• Glare or halos around bright lights
  • Squinting
  • Headaches
  • Eye strain
  • Squeezing of eyes
  • Recurrent infections or swelling of the lids

Refractive errors can be corrected with eyeglasses, contact lenses, or surgery.

Eyeglasses are the simplest and safest way to correct refractive errors. Your eye care professional can prescribe appropriate lenses to correct your refractive error and give you optimal vision.

Contact Lenses work by becoming the first refractive surface for light rays entering the eye, causing more precise refraction or focus. In many cases, contact lenses provide clearer vision, a wider field of vision, and greater comfort. They are a safe and effective option if fitted and used properly. It is very important to wash your hands and clean your lenses as instructed in order to reduce the risk of infection.

Refractive Surgery aims to change the shape of the cornea permanently. This change in eye shape restores the focusing power of the eye by allowing the light rays to focus precisely on the retina for improved vision. There are many types of refractive surgeries. Most Common type of refractive surgeries is LASIK, epi-LASIK, and PRK. Madhav Netralaya is one such hospital which provides refractive surgery services in Nagpur.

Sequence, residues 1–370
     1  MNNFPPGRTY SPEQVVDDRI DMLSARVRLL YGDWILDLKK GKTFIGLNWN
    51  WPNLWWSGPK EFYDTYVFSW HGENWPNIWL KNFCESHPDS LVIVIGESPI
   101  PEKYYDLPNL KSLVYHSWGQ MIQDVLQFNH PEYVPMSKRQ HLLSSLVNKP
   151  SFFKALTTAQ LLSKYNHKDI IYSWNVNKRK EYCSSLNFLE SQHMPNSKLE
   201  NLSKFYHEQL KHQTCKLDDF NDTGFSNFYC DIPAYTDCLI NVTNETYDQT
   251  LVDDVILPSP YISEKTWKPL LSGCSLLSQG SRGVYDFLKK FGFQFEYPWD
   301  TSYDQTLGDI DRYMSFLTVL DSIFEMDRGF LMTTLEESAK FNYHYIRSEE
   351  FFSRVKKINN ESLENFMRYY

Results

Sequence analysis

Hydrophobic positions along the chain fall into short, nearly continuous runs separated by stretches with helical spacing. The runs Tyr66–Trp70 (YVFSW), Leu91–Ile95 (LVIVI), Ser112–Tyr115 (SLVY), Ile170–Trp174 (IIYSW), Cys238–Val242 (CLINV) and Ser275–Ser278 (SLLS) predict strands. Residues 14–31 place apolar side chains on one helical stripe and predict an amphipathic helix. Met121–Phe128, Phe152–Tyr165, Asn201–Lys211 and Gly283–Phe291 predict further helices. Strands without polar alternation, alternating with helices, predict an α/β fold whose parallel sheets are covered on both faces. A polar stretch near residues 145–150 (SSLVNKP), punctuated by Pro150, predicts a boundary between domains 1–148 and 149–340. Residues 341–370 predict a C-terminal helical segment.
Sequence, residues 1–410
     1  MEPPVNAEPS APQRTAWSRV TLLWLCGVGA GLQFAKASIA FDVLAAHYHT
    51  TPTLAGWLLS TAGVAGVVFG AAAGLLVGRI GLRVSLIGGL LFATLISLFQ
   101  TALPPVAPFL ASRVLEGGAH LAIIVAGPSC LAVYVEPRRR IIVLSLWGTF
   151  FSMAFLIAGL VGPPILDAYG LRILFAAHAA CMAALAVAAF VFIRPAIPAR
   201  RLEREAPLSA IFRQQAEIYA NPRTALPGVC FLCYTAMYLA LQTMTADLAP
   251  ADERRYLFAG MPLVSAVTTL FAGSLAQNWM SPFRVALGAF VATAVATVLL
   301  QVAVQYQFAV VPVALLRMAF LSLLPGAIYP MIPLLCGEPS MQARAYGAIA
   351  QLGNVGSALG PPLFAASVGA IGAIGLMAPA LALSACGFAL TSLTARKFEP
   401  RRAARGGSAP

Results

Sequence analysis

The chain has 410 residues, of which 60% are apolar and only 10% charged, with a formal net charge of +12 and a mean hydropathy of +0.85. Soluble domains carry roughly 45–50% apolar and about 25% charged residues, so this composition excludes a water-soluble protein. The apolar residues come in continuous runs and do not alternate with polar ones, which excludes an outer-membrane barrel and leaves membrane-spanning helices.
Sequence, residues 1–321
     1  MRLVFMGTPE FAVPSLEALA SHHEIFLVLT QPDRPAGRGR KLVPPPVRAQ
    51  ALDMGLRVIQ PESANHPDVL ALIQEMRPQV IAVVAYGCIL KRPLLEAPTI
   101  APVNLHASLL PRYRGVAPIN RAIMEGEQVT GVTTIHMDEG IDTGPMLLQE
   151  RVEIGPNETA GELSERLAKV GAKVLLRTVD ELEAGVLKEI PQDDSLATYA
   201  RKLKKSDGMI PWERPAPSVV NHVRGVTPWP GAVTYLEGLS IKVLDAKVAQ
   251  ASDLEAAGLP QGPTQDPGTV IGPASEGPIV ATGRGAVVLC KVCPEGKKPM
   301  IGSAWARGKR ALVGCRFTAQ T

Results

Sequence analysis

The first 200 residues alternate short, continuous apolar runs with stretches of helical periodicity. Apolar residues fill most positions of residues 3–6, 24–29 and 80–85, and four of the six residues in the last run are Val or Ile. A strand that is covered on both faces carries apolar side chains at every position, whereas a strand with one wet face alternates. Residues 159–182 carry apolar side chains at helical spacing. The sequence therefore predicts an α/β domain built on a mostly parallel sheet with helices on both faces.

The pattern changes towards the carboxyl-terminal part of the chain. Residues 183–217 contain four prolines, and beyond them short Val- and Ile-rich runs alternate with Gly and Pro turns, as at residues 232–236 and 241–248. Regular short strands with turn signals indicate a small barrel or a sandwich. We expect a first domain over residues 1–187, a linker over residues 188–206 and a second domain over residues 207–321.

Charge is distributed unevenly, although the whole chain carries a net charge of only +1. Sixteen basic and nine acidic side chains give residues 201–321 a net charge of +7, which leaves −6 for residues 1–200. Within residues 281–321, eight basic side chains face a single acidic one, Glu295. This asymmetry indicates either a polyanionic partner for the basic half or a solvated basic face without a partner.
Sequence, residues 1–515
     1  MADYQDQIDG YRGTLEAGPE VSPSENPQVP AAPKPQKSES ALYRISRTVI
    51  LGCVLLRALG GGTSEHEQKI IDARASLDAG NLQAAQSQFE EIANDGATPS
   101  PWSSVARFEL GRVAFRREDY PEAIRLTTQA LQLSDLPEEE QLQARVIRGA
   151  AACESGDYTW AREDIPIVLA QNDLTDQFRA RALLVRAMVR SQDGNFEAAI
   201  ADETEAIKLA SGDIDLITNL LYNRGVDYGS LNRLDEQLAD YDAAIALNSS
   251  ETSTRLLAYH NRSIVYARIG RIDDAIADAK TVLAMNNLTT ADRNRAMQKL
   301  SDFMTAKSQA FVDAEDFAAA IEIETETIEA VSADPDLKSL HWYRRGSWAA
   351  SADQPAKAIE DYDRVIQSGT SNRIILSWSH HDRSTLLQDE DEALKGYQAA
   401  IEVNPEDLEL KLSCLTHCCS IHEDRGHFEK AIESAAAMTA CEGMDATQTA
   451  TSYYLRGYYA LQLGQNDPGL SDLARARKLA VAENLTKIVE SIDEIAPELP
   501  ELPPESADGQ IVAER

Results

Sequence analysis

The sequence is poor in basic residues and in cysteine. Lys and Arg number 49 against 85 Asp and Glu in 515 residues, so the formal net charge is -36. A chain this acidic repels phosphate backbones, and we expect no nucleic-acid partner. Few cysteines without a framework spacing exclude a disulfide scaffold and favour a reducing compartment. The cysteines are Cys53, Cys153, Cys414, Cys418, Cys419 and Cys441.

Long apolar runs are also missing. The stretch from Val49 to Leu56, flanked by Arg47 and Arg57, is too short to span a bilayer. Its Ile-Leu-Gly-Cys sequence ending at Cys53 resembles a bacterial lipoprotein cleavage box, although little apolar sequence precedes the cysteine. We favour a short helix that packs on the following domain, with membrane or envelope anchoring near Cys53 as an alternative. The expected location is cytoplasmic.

Presbyopia FAQ’s

Presbyopia in Greek means "old eye."

Presbyopia is an age-related condition in which the ability to focus near objects becomes more difficult. Our lens has a property to change its shape to focus the near and distant object. As the eye ages, the lens can no longer change its shape enough to allow the eye to focus close objects clearly

People in their early to mid-40s or sometimes a bit younger usually begin to have trouble reading the fine print

So when you find yourself holding your book farther away in order to read comfortably, this is an early sign of presbyopia. You'll also begin to need more light to read comfortably.

Even with presbyopia, nearsighted people usually can read without their glasses. But once you have presbyopia and you put on your single-vision glasses or contact lenses to bring distant objects into focus, you lose your sharp near vision.

By the time you reach your 40s, you can't escape presbyopia. However, some people don't notice reading problems until they reach their late 40s or even 50s.

Different types of lenses can provide treatment for presbyopia.

If you never required vision correction before, a simple pair of reading glasses can help you read or perform near vision tasks.

If you elect to wear over-the-counter "cheaters" (as they sometimes are called), be sure and have regular eye exams so you can be watched for cataracts, glaucoma, diabetic retinopathy, and other eye diseases.

Your eye doctor also can prescribe bifocals or progressive eyeglass lenses, which have different "zones" that let you see at multiple distances.

Line-free progressive lenses are the multifocal correction of choice for most people with presbyopia. These lenses allow you to see clearly at all distances without visible "bifocal lines" in the lenses.

For the best vision, comfort, and appearance, choose progressive lenses with anti-reflective coating. AR coating eliminates distracting reflections in your glasses that can interfere with night driving.